100 Years of Joseph Beuys: 
The Artist and the City of documenta

He was born 100 years ago in the Lower Rhine region, and lived and taught in Düsseldorf. But in Kassel, the world-renowned artist Joseph Beuys found a very special artistic home: his work was showcased at documenta five times in a row between 1964 and 1982, and he always attracted attention here with his unusual art performances. You can still encounter traces of him today at many locations in the city of documenta. Kassel is celebrating Joseph's 100th birthday with a varied programme.

Artist with hat. Art with courage.
Joseph Beuys at documenta

Joseph Beuys was not one of those artists who lets their work speak for itself. On the contrary – Beuys was there! He wanted to speak to the people himself, explain his concept of art to them, engage in discussion with them, and stimulate social change.

Here in Kassel, documenta visitors were able to experience this for themselves first-hand on multiple occasions: at documenta 5 (1972), the artist with the unmistakable hat was available in his “Office for Direct Democracy Through Referendum” for 100 days. There he spoke with the residents of Kassel and with people from all over the world. One humorous highlight of the exhibition was a “Boxing Match for Direct Democracy,” for which Beuys climbed into the ring with an art student.

Five years later, in the Fridericianum, he then set up a discussion forum of the “Free International University,” which he also founded. Beuys could also be approached here on a daily basis. At the same time, he presented his “Honey Pump at the Workplace” installation, which pumped fresh honey through several rooms of the museum – a symbol for collective creative power, which also plays a key role in the concept of documenta fifteen.

For Beuys, all these activities, like many of his other works, were the expression of an expanded definition of art, with his idea of “social sculpture” forming its core. Beuys was convinced that every person is an artist and can change society through creative action. He wanted to initiate and help shape this process through his own creative work. Probably the most spectacular example of social sculpture was Beuys’ “7000 Oaks” project, which still shapes the urban landscape of Kassel today.

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“7000 Oaks”: Vibrant greenery and a unique work of art

“City Forestation Instead of City Administration”: under this motto, Joseph Beuys created a globally unique piece of art for documenta 7 in 1982, which can be seen in many locations throughout Kassel. He planted the first seedling of his “7000 Oaks” in front of the Fridericianum. Many more were to follow, which have since grown into stately trees. You can identify these, by the way, by a black basalt stone next to each tree. The stones represent a crystalline form of structure and stability, while the oak, as a living organism, symbolizes constant change and growth. Similar contrasting pairs can also be found in many of the artist’s works. The fact that “7000 Oaks” led to numerous debates in Kassel, especially in the beginning, was for Beuys an inseparable feature of the artwork. For it was only through this debate that the art became a social sculpture as he intended, which continues to have an impact to this day. In 1987, ownership of “7000 Oaks” was passed on to the City of Kassel as a gift.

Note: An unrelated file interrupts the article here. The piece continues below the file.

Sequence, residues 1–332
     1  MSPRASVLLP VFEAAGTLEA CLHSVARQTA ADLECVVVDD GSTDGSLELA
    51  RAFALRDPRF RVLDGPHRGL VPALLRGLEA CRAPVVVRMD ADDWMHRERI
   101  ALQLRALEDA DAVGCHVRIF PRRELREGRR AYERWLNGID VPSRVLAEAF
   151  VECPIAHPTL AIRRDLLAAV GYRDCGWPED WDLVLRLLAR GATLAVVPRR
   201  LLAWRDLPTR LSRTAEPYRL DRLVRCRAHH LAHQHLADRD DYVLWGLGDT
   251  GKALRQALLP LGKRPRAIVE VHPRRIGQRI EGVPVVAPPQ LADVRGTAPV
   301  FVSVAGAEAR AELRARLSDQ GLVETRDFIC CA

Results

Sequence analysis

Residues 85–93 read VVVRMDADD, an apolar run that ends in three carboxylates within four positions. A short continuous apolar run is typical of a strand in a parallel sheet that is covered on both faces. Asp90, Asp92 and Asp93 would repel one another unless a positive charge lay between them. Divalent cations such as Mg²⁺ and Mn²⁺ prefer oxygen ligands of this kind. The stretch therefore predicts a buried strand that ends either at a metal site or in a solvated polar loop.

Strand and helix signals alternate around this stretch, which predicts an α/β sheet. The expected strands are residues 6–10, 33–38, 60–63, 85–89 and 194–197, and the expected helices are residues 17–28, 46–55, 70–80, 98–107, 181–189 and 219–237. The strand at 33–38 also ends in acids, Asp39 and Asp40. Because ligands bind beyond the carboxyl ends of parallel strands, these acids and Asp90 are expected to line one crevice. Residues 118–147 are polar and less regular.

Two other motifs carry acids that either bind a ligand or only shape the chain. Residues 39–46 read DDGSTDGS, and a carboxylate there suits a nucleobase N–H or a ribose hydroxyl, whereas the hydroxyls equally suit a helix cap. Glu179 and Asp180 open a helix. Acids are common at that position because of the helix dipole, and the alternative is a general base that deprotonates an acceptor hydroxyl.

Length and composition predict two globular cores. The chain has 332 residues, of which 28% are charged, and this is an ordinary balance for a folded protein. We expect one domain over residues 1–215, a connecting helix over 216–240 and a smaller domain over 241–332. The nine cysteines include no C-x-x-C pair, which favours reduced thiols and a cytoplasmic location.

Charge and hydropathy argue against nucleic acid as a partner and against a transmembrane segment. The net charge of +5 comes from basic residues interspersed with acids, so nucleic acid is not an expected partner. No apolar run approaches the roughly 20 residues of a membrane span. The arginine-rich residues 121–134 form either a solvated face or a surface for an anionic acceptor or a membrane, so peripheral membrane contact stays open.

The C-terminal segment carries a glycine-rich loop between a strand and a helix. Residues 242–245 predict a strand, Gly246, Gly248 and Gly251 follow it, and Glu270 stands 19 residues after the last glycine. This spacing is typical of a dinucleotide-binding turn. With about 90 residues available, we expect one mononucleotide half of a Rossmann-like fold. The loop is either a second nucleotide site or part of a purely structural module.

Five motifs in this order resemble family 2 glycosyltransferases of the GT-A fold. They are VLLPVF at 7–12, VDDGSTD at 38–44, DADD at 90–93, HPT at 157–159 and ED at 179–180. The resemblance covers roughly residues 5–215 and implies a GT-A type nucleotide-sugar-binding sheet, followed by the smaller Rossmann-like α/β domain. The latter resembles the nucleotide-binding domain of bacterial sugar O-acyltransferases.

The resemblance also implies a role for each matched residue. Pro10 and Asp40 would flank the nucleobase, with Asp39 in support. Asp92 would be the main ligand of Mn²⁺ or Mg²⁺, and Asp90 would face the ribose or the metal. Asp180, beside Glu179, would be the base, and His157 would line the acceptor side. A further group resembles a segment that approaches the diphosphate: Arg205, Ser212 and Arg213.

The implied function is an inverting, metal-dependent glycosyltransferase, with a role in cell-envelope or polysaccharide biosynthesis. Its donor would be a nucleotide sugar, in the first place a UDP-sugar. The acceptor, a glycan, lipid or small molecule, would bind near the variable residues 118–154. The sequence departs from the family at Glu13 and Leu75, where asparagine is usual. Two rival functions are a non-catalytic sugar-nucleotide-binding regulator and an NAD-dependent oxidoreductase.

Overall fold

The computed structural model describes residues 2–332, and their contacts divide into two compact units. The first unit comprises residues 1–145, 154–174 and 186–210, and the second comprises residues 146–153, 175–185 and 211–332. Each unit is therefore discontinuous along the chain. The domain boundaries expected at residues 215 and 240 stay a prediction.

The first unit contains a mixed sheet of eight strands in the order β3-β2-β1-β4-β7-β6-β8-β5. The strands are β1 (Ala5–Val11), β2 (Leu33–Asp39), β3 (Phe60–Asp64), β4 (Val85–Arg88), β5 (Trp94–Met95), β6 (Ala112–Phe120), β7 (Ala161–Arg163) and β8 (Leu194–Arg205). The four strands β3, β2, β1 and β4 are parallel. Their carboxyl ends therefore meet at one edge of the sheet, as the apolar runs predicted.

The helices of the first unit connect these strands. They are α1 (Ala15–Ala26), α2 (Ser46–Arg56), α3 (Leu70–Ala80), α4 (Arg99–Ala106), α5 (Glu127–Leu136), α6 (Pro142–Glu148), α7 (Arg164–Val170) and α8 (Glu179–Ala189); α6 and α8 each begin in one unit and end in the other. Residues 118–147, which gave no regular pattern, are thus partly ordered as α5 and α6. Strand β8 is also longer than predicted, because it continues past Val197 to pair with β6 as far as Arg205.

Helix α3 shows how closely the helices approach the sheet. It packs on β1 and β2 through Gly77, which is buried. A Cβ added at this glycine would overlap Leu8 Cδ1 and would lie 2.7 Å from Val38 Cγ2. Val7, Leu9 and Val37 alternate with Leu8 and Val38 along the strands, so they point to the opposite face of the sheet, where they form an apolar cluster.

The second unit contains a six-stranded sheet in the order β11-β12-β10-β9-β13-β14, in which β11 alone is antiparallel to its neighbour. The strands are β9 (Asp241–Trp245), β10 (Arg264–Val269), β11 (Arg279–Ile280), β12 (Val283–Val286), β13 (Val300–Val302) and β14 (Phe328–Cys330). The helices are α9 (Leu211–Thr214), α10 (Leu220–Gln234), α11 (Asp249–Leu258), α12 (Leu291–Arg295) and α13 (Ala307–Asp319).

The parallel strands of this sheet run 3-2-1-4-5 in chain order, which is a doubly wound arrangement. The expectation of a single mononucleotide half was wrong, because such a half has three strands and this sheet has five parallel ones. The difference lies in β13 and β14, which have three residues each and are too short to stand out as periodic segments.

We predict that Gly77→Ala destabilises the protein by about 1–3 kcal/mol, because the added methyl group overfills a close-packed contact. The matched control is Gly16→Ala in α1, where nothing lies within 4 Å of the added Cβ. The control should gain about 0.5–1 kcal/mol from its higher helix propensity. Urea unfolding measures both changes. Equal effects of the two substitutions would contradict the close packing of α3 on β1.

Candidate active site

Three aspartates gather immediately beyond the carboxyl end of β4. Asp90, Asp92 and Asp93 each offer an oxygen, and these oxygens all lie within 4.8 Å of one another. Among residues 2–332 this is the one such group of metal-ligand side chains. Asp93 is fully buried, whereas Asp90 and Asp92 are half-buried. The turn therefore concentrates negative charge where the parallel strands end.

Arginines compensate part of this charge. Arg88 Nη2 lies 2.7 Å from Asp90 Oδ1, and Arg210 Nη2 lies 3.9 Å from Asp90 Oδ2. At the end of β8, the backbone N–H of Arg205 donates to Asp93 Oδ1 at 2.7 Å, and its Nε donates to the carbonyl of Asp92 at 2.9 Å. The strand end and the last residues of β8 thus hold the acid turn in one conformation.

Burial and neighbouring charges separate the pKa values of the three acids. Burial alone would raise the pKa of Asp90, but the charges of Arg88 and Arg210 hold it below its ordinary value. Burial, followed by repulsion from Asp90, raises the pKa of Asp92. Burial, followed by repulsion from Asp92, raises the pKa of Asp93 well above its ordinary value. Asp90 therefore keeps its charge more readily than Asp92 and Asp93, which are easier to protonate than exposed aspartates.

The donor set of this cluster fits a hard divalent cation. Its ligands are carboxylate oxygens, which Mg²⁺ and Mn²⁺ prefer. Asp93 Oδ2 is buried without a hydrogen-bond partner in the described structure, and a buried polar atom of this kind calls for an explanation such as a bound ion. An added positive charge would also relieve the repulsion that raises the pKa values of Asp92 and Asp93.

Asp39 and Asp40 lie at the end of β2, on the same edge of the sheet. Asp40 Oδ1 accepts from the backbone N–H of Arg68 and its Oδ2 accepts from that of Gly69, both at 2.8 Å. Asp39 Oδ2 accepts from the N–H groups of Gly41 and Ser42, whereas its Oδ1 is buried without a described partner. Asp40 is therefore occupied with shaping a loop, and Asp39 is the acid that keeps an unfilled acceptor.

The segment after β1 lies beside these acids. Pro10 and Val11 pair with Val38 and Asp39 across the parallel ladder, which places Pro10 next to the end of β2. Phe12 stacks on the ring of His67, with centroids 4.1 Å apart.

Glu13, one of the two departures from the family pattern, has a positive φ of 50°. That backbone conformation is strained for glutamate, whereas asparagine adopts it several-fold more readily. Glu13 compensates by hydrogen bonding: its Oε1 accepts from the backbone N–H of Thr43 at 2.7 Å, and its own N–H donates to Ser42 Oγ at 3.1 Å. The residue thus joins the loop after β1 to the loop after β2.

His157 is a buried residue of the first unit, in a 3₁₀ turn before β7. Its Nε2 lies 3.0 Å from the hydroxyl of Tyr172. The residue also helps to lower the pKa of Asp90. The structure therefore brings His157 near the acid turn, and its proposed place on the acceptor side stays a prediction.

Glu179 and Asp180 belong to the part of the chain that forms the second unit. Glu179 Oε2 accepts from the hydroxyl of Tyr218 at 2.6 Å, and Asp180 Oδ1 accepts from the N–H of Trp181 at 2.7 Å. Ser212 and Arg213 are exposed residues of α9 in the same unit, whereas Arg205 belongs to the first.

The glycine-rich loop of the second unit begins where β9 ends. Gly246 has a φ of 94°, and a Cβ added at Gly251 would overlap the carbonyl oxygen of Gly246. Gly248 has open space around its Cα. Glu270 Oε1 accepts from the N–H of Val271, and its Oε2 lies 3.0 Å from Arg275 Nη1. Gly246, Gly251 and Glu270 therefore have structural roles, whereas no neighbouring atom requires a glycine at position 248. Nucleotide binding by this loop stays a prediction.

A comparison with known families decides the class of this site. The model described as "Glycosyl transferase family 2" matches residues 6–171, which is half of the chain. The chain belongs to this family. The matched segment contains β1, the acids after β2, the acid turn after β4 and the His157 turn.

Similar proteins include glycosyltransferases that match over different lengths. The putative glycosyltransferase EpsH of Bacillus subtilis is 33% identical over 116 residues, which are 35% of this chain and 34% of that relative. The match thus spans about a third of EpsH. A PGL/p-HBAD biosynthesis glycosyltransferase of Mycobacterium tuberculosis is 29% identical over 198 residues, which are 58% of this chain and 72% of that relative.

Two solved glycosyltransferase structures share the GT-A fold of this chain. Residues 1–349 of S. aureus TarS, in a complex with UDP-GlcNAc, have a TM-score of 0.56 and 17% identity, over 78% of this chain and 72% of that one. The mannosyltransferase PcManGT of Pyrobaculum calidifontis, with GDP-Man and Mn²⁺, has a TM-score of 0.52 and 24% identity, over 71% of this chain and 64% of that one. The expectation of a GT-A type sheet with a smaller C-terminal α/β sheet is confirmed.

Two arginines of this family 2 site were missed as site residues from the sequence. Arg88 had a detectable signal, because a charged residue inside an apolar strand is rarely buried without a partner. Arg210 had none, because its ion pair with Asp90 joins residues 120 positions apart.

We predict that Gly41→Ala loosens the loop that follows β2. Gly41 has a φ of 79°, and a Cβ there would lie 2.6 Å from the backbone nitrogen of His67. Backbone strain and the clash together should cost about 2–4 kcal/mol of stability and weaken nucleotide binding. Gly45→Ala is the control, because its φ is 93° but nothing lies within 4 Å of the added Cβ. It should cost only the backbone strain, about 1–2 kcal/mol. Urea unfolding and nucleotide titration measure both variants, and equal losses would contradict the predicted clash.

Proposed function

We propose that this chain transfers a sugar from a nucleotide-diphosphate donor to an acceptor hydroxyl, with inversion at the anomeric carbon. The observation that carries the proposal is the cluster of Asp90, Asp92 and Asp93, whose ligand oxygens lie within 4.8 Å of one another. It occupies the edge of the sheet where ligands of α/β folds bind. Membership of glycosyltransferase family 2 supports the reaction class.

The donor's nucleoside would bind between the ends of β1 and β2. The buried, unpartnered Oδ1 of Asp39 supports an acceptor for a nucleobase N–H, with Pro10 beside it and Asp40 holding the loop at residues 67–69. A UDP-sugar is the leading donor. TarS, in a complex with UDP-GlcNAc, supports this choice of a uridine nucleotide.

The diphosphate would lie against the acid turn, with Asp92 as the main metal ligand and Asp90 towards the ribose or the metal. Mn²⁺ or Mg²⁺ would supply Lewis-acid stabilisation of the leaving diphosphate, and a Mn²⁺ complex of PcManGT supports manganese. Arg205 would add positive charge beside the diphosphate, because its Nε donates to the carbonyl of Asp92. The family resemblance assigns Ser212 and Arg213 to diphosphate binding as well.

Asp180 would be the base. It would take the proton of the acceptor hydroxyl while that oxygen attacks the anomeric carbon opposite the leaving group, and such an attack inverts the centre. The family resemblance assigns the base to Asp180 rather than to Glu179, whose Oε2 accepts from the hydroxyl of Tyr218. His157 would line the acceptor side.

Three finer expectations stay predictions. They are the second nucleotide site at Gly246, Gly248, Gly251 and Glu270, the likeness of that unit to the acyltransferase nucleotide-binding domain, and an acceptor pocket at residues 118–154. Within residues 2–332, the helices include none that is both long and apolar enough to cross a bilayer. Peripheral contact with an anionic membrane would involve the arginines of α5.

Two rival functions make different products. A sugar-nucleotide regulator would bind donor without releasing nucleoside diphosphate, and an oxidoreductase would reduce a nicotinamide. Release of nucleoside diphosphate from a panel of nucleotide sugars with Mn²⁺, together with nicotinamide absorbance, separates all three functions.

Beuys to go: Set off on the trail of Beuys’ oaks

Coinciding with Joseph Beuys’ 100th birthday, the cdw Foundation of Kassel has published a new walking guide titled Beuys to go, which you can use to set off on exciting tours that explore the “7000 Oaks.” Tours are also possible with free audio guides provided by the foundation. These can be downloaded free of charge and can also be found by izi-Travel, komoot or outdooractive. On seven different routes, you can experience the many facets of the green work of art, while getting to know the city of documenta at the same time.

Sleds, drawings and more: 
Beuys in the Neue Galerie

If you want to experience other works by Joseph Beuys in Kassel besides the “7000 Oaks,” you should definitely visit the Neue Galerie: in 1976, the artist single-handedly designed a room here on the ground floor. In it, you find “The Pack,” one of his most important installations. It consists of an old VW bus and 24 sleds, each equipped with, among other things, a felt blanket and a small portion of fat – probably the best-known materials that Beuys worked with. Also on display are 29 drawings from his early work, which provide clues to many of his later ideas. Finally, on the opposite wall, you find four display cases with smaller art pieces.


By the way, Joseph Beuys is not the only famous artist whose works can be admired in the Neue Galerie: works from Andy Warhol, Gerhard Richter and many others are also on exhibit in the Kassel collection of modern art. In addition, the presentation “about:documenta” on the top floor invites you on an exciting journey through the history of the renowned exhibition series.

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